It wasn’t the first football record by a long way, but “Back Home” ticks all the genre’s traditional boxes. Rousing tune graspable by fans between 8 and 80 – yes. Heavy involvement by actual players – yes. Doughty message of hope – oh yes.
This last was a slight twist on the football songs of the 60s, generally knocked out around Cup Final time (though the Cup Final song’s 70s and 80s heyday postdates “Back Home”). In a Cup Final the odds of victory are greater so the tone of the song can be more triumphant, presenting the team as an unstoppable machine destined to win. At the start of a World Cup campaign – even this World Cup campaign, which England began as defending champions and with a squad apparently thought superior to the ’66 team – hubris is to be avoided, so the team songs tend to be a little more humble, stressing effort not achievement. “Back Home”, with its emphasis on heroic and selfless scrapping, certainly fits this bill.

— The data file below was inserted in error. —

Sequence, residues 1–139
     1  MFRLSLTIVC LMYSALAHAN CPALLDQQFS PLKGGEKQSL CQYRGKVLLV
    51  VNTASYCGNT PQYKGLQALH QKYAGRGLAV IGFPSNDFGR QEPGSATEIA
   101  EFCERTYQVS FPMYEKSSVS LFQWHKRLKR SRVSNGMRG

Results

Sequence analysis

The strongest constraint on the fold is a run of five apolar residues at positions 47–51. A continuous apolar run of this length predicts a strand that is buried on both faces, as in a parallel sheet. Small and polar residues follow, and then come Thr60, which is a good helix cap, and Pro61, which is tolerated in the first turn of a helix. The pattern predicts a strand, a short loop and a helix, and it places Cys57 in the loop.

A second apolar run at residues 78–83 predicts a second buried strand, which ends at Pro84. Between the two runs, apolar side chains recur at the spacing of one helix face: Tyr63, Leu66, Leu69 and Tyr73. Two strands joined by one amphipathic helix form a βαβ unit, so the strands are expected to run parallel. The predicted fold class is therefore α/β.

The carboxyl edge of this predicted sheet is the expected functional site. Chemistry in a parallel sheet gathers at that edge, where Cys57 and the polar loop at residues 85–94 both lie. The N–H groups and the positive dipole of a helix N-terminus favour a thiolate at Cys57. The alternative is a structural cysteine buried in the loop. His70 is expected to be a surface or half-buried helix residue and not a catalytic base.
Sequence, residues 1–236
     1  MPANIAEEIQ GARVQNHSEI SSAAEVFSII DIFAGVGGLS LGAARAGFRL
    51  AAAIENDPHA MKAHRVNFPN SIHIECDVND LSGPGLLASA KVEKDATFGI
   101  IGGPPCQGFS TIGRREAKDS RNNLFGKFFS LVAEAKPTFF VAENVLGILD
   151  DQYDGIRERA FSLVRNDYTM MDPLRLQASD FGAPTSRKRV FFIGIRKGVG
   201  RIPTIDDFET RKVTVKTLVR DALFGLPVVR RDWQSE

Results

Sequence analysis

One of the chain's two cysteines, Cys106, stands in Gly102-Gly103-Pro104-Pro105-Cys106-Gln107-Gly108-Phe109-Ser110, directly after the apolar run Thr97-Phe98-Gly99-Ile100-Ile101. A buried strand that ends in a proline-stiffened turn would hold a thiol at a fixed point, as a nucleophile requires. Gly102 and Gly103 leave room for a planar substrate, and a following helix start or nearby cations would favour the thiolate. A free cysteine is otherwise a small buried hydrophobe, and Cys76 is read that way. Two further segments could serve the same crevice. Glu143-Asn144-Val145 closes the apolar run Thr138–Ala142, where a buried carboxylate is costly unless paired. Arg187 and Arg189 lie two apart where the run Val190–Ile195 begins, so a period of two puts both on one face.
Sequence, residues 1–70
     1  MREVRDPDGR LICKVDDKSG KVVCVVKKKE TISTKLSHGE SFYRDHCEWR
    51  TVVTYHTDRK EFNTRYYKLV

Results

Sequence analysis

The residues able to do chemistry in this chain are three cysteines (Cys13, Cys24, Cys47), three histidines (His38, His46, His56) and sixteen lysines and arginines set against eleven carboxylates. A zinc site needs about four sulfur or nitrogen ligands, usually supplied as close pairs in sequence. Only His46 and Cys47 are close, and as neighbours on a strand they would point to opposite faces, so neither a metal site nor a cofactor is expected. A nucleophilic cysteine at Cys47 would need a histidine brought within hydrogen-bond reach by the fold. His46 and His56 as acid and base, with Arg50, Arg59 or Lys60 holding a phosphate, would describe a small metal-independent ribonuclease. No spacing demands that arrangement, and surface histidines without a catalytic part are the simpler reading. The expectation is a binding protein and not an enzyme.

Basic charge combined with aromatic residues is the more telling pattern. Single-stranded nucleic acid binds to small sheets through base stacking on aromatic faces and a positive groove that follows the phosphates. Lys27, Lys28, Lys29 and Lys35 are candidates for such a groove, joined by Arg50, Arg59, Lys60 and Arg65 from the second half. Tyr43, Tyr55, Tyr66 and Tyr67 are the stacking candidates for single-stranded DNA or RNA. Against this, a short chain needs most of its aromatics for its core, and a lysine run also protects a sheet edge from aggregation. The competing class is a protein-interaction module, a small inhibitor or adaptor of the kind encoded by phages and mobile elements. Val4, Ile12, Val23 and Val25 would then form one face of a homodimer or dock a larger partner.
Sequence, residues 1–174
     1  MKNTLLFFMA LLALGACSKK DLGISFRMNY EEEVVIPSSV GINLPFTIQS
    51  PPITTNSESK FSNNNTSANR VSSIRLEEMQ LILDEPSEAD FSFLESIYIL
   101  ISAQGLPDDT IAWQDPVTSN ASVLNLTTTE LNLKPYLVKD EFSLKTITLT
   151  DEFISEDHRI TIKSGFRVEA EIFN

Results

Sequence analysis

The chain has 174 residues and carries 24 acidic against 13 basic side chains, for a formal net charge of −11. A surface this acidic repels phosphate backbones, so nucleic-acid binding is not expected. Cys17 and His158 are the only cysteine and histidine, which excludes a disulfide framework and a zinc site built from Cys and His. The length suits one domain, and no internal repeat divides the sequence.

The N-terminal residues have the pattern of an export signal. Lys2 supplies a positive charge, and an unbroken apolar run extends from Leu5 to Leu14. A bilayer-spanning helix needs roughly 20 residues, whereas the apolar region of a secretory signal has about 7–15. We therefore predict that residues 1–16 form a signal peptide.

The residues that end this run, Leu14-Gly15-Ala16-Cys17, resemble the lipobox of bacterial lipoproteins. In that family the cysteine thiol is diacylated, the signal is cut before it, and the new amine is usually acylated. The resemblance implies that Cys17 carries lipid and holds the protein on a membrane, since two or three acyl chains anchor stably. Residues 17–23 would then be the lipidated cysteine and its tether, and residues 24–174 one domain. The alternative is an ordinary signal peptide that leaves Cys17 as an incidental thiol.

The song’s particular pivot though is the gap, and the link, between the team and the fans watching in England. This neatly touches on something exciting about the 1970 world cup. The England team had travelled to South America before, but only in the pre-Telstar days of radio broadcast. Now the “folks back home” would watch colour pictures, beamed live from the other side of the world (well, Mexico), at a time when the booming travel industry was bringing exotic locations tantalisingly closer. For good measure, the 1970 squad’s Mexican adventure fell foul of some familiar foes of Brits abroad – dodgy tummies and run-ins with local law enforcement – but some of what makes “Back Home” charming is the vicarious thrill of travel.